France delays fuel tax hikes that prompted protests to 2020
French President Emmanuel Macron backed down another major step Wednesday in the face of nationwide protests against his government, with a spokeswoman for his office saying planned fuel tax increases will not be introduced in 2019.
His Prime Minister, Edouard Philippe, announced a day earlier that the tax hike would be delayed by six months, from January 1 to midyear, so this pushes the tax increase that sparked protests back at least another six months, to 2020.
The rising cost of gasoline and diesel fuel sparked protests that have since evolved into broader demonstrations against Macron’s government, exposing tensions between the metropolitan elite and rural poor.
The protesters, known as the “gilets jaunes,” take their name from the high-visibility yellow vests that drivers are required to keep in their vehicles for safety reasons.
Macron had asked political leaders to meet the protest organizers this week. However, two protesters who claim to lead the group, Benjamin Cauchy and Jacqueline Moreau, have pulled out of a meeting with Prime Minister Philippe planned for Tuesday, according to the movement’s spokesman, Maxime Nicole.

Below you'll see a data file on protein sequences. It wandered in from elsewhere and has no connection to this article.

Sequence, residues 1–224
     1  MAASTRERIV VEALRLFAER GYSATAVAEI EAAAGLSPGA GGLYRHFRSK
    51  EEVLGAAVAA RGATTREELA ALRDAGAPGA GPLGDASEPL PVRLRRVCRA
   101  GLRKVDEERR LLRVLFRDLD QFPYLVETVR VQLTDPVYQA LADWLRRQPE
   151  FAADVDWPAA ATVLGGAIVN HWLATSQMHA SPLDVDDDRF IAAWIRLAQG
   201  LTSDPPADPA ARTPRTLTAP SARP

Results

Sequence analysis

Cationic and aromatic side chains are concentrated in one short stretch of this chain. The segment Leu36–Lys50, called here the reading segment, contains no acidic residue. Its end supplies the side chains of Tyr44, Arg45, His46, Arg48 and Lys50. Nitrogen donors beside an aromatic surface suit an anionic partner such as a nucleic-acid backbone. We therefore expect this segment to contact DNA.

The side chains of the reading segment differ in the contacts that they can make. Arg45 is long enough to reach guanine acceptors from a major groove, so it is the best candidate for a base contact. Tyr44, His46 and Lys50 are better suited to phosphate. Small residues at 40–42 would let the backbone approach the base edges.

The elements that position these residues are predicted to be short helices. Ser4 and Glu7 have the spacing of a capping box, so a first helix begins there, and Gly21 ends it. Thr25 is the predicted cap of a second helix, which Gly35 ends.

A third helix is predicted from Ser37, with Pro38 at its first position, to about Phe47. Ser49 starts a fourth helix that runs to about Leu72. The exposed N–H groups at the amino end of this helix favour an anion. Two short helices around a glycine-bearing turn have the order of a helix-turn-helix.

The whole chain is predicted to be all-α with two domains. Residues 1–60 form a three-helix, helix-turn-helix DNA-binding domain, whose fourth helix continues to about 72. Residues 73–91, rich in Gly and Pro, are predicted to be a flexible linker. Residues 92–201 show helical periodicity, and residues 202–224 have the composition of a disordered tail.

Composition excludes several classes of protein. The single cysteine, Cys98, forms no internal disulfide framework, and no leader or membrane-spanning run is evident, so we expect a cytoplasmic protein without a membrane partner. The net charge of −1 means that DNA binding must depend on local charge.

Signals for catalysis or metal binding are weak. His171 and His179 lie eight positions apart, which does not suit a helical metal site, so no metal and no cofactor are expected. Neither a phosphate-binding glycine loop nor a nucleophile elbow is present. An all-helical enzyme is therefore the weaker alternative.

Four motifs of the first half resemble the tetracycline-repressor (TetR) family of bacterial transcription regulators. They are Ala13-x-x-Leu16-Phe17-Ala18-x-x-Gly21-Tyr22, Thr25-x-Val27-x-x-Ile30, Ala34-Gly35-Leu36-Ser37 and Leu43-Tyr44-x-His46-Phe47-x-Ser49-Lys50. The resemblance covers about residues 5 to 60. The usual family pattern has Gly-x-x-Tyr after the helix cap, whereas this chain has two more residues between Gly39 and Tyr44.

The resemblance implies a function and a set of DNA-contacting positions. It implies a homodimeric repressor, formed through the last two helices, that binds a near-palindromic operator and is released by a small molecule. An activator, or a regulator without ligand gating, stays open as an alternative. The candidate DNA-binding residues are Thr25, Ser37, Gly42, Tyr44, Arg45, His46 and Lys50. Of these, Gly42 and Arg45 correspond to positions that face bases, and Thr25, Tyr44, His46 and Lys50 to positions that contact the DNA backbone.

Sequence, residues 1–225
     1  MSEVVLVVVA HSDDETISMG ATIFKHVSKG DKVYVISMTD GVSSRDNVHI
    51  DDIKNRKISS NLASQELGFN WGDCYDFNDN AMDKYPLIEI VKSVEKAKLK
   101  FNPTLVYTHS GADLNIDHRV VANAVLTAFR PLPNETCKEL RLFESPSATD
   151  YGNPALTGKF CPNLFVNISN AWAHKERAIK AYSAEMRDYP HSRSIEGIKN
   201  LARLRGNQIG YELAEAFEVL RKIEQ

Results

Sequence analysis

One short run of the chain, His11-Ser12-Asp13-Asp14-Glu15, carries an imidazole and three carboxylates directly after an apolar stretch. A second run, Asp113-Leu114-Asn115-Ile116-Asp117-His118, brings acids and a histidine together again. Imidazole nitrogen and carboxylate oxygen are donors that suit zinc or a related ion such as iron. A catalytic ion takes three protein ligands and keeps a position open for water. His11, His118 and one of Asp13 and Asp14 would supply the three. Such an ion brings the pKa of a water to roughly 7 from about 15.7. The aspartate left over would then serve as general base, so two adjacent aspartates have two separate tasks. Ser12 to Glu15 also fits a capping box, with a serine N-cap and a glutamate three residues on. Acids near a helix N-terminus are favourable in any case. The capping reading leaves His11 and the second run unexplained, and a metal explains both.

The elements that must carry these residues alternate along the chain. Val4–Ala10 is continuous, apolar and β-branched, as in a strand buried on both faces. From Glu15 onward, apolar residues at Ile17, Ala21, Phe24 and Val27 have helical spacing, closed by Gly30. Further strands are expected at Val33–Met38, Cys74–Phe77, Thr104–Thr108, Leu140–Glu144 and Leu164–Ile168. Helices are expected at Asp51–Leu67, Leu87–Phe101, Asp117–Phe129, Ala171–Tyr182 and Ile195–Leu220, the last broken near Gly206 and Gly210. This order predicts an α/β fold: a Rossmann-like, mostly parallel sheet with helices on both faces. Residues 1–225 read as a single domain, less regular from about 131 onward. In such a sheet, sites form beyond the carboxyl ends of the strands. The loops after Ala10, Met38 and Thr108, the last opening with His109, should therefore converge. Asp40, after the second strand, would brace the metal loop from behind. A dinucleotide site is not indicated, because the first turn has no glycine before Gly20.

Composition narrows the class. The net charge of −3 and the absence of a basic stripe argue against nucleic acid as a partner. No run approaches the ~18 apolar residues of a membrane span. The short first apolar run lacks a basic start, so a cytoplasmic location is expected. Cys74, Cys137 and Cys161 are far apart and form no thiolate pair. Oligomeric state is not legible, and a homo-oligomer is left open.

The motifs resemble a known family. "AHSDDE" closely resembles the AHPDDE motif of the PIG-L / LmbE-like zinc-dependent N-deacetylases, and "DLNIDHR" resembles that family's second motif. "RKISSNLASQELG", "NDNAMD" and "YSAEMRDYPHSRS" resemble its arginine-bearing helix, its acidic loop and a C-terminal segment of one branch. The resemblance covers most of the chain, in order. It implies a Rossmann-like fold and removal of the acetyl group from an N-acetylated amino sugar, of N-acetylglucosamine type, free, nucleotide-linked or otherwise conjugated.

Philippe canceled a trip to the COP24 climate conference in Poland to address the issue, which had threatened to flare again this coming weekend.
The government is likely hoping the suspension of the fuel hikes will take some heat out of the protests, which brought an estimated 36,000 people onto the streets of France on Saturday alone.
Around 400 people were arrested after a violent minority turned on police, throwing projectiles and vandalizing statues.
Paris prosecutor Remy Heitz said that among the protesters were people from across the country who had descended upon Paris with the express intent of causing trouble.
He added that authorities would crack down hardest on those who had joined the street demonstrations explicitly to carry out violent acts.
The cost of diesel has surged 16% this year from an average €1.24 ($1.41) per liter to €1.48 ($1.69), even hitting €1.53 ($1.74) in October, according to UFIP, France’s oil industry federation.